Hackers have stolen personal data for 57 million Uber customers and drivers, the ride-hailing company said Tuesday.
The stolen information includes names, home addresses, mobile phone numbers and emails of 50 million people who have used Uber around the world. The breach also exposed the driver's licenses and other information for roughly 7 million drivers for the company, including 600,000 in the US.
No Social Security numbers, credit card numbers, bank account numbers, birth dates or trip location data were taken, Uber said, adding that it hasn't seen evidence of fraud related to the breach. The company said it is monitoring affected accounts for signs of misuse.
"We do not believe any individual rider needs to take any action," Uber said, while encouraging users of the service to monitor their credit and accounts.
Bloomberg first reported news of the hack, which took place in October of 2016. The news service also said Uber concealed the attack for more than a year.
"None of this should have happened, and I will not make excuses for it," Dara Khosrowshahi, who Uber named as CEO in September, said in a statement. "While I can't erase the past, I can commit on behalf of every Uber employee that we will learn from our mistakes."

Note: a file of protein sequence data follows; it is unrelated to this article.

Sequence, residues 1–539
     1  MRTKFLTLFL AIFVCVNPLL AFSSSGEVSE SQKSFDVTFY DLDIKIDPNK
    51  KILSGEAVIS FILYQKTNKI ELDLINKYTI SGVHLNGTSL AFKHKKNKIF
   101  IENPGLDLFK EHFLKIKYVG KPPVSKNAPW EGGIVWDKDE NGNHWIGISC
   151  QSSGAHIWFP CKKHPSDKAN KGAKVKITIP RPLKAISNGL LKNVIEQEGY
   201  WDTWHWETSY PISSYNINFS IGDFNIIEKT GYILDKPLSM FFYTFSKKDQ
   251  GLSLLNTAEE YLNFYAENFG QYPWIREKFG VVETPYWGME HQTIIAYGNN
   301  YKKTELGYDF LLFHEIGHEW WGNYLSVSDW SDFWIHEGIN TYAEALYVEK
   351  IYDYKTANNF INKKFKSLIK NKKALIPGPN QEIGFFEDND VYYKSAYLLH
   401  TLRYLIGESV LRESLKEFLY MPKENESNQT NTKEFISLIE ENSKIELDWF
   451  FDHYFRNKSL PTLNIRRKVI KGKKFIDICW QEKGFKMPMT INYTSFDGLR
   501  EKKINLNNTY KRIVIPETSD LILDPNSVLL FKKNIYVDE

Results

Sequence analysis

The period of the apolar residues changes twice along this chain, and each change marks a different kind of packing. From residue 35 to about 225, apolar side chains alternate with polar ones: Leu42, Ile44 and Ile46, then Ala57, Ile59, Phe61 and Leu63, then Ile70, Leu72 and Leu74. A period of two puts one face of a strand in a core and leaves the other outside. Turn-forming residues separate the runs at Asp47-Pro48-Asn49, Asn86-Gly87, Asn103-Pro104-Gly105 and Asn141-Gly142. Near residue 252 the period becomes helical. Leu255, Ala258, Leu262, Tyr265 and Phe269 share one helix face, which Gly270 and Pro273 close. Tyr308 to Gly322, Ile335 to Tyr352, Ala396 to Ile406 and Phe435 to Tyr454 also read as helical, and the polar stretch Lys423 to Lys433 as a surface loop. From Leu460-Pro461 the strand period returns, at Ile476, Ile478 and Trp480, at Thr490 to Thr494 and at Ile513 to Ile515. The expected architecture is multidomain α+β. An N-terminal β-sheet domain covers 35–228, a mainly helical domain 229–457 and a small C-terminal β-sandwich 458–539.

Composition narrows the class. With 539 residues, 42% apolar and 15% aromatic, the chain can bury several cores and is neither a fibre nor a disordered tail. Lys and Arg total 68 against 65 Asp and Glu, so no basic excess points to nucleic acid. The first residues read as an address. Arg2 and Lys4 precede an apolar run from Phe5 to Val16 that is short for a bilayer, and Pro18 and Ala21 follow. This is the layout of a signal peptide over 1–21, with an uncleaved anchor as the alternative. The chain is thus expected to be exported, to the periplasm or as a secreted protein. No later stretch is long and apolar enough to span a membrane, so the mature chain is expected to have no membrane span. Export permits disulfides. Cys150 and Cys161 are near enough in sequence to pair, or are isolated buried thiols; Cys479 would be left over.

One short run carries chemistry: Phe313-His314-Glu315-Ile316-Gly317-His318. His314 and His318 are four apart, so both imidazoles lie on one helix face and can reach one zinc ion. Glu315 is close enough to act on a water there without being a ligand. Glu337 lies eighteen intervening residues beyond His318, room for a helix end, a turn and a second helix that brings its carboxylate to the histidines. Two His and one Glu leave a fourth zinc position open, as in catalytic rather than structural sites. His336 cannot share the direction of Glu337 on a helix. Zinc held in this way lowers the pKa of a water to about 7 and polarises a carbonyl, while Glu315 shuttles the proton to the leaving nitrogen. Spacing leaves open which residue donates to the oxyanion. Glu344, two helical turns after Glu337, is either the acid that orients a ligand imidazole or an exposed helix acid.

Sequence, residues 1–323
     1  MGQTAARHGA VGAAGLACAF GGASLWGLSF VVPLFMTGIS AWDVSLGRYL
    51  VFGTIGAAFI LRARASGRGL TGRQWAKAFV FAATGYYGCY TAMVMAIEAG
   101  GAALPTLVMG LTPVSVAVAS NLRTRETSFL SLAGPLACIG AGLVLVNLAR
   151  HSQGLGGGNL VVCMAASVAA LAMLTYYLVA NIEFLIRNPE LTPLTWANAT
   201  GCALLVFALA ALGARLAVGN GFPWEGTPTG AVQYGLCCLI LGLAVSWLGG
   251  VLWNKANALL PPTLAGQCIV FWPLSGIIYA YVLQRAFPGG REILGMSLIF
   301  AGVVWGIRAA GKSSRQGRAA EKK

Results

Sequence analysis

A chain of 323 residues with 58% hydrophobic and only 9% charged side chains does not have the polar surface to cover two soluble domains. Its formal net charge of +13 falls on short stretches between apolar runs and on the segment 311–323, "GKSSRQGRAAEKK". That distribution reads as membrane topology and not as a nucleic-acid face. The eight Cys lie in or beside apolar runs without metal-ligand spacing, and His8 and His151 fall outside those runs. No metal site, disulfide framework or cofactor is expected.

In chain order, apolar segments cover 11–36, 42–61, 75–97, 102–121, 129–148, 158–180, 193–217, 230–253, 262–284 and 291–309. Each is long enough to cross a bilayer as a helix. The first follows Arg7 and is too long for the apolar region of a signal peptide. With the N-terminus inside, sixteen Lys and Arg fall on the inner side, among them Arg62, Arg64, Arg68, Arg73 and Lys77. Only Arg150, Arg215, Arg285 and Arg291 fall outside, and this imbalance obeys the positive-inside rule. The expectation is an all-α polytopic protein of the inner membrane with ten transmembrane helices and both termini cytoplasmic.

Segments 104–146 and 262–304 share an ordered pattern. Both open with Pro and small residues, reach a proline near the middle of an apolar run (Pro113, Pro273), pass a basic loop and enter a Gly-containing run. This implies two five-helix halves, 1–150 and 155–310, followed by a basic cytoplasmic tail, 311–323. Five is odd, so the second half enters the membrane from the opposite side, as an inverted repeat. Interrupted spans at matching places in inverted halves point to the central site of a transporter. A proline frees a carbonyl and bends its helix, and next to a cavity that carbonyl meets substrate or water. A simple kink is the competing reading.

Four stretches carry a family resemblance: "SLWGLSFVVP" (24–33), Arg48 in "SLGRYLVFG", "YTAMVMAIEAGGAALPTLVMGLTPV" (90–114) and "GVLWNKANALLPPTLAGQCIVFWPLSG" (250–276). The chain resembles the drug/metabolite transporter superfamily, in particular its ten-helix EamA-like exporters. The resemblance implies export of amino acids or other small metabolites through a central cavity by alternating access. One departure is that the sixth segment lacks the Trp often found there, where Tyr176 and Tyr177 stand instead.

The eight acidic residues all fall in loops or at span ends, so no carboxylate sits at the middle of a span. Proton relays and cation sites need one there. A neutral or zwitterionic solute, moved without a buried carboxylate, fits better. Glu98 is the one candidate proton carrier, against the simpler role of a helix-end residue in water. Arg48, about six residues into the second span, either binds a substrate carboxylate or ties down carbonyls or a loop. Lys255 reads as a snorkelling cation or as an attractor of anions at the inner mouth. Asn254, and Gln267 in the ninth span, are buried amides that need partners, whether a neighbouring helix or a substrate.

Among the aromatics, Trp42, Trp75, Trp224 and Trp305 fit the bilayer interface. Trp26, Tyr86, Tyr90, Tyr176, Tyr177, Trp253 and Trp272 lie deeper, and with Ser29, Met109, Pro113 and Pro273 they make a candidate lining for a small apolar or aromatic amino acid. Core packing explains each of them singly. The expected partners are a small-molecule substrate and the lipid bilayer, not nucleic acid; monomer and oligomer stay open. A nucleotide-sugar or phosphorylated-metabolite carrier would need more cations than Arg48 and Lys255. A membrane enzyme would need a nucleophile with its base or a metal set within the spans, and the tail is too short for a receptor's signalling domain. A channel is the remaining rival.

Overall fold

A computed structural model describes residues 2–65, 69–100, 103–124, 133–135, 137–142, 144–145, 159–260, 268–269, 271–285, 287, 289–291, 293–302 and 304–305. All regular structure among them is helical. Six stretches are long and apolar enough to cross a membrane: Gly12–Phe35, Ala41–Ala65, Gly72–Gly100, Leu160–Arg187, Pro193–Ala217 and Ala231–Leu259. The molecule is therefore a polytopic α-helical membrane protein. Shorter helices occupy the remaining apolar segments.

In a statement, Khosrowshahi acknowledged that Uber had failed to inform Uber users that their data been stolen in a timely manner, saying he has recently initiated an investigation of the incident and of how Uber handled it.
The executive said he "recently" learned that Uber in late 2016 discovered that two individuals outside the company accessed user data housed on third-party internet cloud services. The hack didn't penetrate Uber's corporate systems or infrastructure, he said.
"At the time of the incident, we took immediate steps to secure the data and shut down further unauthorized access by the individuals," Khosrowshahi said. "We subsequently identified the individuals and obtained assurances that the downloaded data had been destroyed."
But a source familiar with the incident and with Uber's initial investigation told CBS News' Andres Triay that the company paid the hackers who stole the data $100,000 to delete it. It is not known whether that occurred. Uber also did not report the breach to law enforcement at the time.
Khosrowshahi said two Uber employees who led the company's response to the cyberattack have left the company, effective today.
Bloomberg reported that Uber Chief Security Officer Joseph Sullivan and one of his deputies had been ousted in connection with the breach.
Uber said it also tightened security for its cloud-based storage systems, according to the company.
The company said it will individually notify drivers for the company whose license numbers were stolen and also provide them with free credit-monitoring and identity theft protection.
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